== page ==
Tel. +44 (0)20 7287 4414
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The Bruges Group spearheaded the intellectual battle to win a vote to leave the European Union and, above all, against the emergence of a centralised EU state.
The Bruges Group spearheaded the intellectual battle to win a vote to leave the European Union and, above all, against the emergence of a centralised EU state.

Bruges Group Blog

Spearheading the intellectual battle against the EU. And for new thinking in international affairs.

The wounded leader: a cautionary tale

Theresa May is at the weakest yet most dangerous stage of her miserable leadership. The scheduled European election might not happen if May overcomes resistance to the Withdrawal Agreement, which has hardly changed since first presented. It was at Chequers that the Cabinet was first told of the thin gruel on offer. Brexit secretary David Davis having been sidelined, the proposed deal was a concoction between Michel Barnier and senior civil servant Olly Robbins (with major input, allegedly, by the German government).

It would be naïve for Leavers to think that Robbins, though out of the news recently, has been released from his role in subversive statecraft. For May and Robbins, there is historical precedent in the dog days of David Lloyd George, whose favoured civil servant was Frank Wise. Like Robbins, Wise was a communist who idealised the Soviet Union. Looking back a hundred years later, it was incredible that so much power was entrusted to such an inappropriate person, who was acting in the interests not of his own country but of a foreign regime. Perhaps in years to come the same will be acknowledged of Robbins.

The story of Edward Frank Wise (1885-1933) is told by Giles Udy in his fascinating, scholarly tome Labour and the Gulag: Russia and the Seduction of the British Left. In 1920 Wise was appointed by Lloyd George, prime minister of a Liberal-Conservative coalition, to lead the British team in negotiations with the Bolshevik leaders in Moscow. Lenin's revolution had succeeded: the White Russians were annihilated, the Tsar and his family executed, and by today's value billions of pounds of British business investments were expropriated.

To facilitate trade, the Bolsheviks needed recognition as the legitimate Russian state, but the British government was worried that writing off the seized assets of private businesses would look very bad. However, Lloyd George ignored ministers' unease and made Wise his main man in an unprincipled policy of appeasement. Unprincipled because the Soviet Union was not only an ideological adversary to Great Britain; it was actively stirring revolution in this country, funding terrorism in Egypt, India and Ireland, and capturing British trawlers in the Barents Sea. Yet Lloyd George was committed to the goal of peaceful relations, however this could be achieved.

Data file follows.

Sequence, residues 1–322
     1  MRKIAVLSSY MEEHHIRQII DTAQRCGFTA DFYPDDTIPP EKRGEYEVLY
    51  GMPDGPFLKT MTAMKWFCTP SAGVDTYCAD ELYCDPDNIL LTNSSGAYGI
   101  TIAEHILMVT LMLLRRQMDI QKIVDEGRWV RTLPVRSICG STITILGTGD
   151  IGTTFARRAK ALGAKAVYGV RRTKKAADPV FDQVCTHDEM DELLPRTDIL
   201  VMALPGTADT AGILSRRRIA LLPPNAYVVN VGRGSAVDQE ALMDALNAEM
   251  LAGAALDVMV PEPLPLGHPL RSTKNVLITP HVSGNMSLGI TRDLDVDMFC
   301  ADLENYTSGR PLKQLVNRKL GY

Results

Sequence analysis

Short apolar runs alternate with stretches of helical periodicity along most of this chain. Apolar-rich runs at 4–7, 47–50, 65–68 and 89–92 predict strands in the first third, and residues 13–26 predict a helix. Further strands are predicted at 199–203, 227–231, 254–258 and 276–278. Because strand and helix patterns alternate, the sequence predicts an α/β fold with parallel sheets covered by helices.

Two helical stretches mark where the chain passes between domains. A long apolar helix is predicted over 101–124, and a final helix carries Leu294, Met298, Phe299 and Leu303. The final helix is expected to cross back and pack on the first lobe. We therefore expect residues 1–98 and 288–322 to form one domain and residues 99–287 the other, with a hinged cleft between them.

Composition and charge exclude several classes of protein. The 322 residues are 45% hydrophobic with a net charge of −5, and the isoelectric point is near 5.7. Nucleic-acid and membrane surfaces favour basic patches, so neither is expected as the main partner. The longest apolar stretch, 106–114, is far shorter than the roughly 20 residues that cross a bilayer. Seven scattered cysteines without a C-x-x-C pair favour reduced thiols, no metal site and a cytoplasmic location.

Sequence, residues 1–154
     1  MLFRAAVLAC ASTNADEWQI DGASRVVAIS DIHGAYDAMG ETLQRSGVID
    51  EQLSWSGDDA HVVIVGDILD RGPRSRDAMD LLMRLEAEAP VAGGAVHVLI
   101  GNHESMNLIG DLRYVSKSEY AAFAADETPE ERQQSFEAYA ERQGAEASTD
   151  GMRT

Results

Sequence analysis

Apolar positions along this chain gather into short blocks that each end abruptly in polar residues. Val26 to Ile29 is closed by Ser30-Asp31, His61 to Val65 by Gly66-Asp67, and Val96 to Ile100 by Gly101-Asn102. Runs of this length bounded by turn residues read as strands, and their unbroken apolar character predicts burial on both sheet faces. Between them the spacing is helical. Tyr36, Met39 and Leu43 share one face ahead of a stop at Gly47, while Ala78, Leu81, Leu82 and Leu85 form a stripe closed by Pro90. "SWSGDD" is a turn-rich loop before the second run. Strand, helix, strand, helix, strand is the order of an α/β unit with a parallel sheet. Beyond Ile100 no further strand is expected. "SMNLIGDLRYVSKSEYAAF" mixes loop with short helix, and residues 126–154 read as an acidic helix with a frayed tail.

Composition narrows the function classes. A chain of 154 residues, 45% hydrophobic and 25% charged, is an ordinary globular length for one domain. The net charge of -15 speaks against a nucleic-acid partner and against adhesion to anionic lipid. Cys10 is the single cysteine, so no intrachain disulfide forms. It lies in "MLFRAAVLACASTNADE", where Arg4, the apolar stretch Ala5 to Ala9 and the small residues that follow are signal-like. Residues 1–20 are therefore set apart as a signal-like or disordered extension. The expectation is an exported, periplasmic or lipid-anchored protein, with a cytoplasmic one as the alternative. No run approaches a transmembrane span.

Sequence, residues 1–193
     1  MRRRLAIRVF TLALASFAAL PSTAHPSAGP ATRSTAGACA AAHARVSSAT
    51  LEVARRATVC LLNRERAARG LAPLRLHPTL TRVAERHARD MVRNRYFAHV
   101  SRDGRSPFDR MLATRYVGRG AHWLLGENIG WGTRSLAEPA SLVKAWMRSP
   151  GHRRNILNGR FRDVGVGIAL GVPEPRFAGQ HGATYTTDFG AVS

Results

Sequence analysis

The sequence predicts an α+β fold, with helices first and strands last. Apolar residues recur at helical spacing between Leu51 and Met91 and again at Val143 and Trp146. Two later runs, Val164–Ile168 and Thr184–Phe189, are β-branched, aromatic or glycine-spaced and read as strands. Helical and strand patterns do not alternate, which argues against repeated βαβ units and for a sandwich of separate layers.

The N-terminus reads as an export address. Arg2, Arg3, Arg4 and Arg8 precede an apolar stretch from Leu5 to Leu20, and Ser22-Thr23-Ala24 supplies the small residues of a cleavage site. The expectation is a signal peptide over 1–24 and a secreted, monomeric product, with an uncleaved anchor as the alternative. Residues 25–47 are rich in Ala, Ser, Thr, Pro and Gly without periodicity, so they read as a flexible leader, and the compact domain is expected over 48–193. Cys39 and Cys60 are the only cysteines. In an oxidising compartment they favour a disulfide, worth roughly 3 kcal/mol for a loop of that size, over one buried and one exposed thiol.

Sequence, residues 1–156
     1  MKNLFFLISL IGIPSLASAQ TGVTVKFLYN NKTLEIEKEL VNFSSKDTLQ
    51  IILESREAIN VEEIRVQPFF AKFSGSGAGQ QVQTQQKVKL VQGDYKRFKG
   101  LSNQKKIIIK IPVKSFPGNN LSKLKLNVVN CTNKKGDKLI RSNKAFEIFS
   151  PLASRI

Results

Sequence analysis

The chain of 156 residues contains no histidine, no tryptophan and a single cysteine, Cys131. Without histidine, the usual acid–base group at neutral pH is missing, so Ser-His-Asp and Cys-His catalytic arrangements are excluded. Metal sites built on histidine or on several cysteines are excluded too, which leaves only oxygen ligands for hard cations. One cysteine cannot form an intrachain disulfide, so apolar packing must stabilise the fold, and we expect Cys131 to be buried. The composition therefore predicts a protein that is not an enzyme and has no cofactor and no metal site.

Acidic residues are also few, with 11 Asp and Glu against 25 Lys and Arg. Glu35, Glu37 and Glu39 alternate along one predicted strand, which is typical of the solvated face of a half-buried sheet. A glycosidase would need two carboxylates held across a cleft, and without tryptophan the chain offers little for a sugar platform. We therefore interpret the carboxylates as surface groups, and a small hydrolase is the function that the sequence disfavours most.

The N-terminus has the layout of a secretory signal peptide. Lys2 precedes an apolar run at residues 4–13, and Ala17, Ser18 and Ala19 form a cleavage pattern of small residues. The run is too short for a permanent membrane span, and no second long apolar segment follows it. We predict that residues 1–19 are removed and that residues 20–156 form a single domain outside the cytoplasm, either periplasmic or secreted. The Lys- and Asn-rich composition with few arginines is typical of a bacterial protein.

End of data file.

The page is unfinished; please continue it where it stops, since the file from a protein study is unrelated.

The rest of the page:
Like now, the period following the Great War was a politically febrile time. The Labour Party wanted to emulate the Soviet pioneers of the cause of international socialism. Strikes were spreading throughout industry, and radical voices were leading the masses towards a popular revolt. The enemy of striking Clydesiders and intellectual Marxists was Britain itself. In 1921 a meeting by a patriotic society at Central Hall in London was stormed by communists, who tore the union jack to shreds and replaced it with the red flag.

Wise used a version of 'project fear': without a trade deal, Europe would lose its supply of grain, causing famine. Although he attended some cabinet meetings, mostly he acted autonomously and did not keep ministers informed. His catastrophising should have been challenged: the Russians had scarcely enough wheat to feed themselves. Millions of peasants would starve after farms were commandeered by the apparatchiks.

The Russians worked with Wise to create the London-based trading organisation Centrosoyuz. After the coalition under Lloyd George fell in 1922, Wise was not trusted by the Tory government. True patriots Winston Churchill and Lord Curzon realised that the only way with the Russians was to stand firm against their unreasonable demands and acts of aggression. Wise resigned in 1923 and became director of Centrosoyuz. He would have rejoiced at the first Labour-led government in the following year, led by Ramsay MacDonald.